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The White House warned that it is prepared to authorize the use of "overwhelming force" - including nuclear weapons - in response to chemical or biological attacks by an enemy. The threat was contained in a six-page "National Strategy to Combat Weapons of Mass Destruction," due to be delivered to Congress Wednesday. Senior administration officials said they hoped their position would deter countries like Iraq from using such weapons. (Related story, page 2; related opinions, page 9.)

Concluding its investigation into the Sept. 11, 2001, attacks, a joint congressional committee recommended that a "chief executive" be appointed over the US's various intelligence and security agencies to ensure they overcome a reluctance to share information. Sen. Bob Graham (D) of Florida, cochairman of the panel, said the lack of intelligence sharing meant "opportunities to understand this plot in time to break it up ... were lost."

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Five weeks after the midterm elections, the outcome of the next-to-last outstanding race was confirmed, with Republican Bob Beauprez declared the winner of Colorado's new House seat. The result was held up by a recount mandated under state law because of the slim 121-vote margin he held over Democrat Mike Feeley. The decision means the new breakdown of the House is 229 Republicans and 203 Democrats, with one independent and a seat in Hawaii still to be determined.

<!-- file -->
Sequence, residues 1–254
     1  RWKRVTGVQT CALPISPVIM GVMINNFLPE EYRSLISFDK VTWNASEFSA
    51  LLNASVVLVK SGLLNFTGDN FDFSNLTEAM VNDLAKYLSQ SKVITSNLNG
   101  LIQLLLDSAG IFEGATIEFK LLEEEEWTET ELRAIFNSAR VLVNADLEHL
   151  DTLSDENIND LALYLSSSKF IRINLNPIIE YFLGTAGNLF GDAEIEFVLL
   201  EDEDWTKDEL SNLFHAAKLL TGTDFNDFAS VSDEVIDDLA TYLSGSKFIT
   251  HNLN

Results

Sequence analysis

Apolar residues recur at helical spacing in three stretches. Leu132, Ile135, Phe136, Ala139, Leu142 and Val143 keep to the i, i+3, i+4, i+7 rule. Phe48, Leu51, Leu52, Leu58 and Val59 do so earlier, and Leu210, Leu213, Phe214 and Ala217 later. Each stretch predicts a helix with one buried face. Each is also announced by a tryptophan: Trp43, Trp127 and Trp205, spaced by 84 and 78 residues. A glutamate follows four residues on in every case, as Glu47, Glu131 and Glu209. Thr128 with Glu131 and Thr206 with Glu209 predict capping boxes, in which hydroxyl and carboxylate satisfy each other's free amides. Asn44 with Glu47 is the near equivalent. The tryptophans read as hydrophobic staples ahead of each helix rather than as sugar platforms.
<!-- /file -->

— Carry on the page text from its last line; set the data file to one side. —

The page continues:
An apology by soon-to-be Senate majority leader Trent Lott for an inopportune remark was not satisfactory, civil rights leaders and top Democrats said. Lott said his "poor choice of words" - that the US would be better off had retiring colleague Strom Thurmond won a 1948 presidential bid - wrongly gave the impression he "embraced the discarded policies of the past." Thurmond was a firm segregationist at that time, but Lott said his comment, at a birthday party, was meant to honor Thurmond's long career.

The national debate over a possible war with Iraq appears to be intensifying, with more than 120 peace vigils, acts of civil disobedience, and marches reported in 37 states Tuesday. The group United for Peace, which tracks such protests, said 150 antiwar protesters were arrested in International Human Rights Day demonstrations. Below, police wrestle with a protester outside an Army National Guard recruiting station in Washington.


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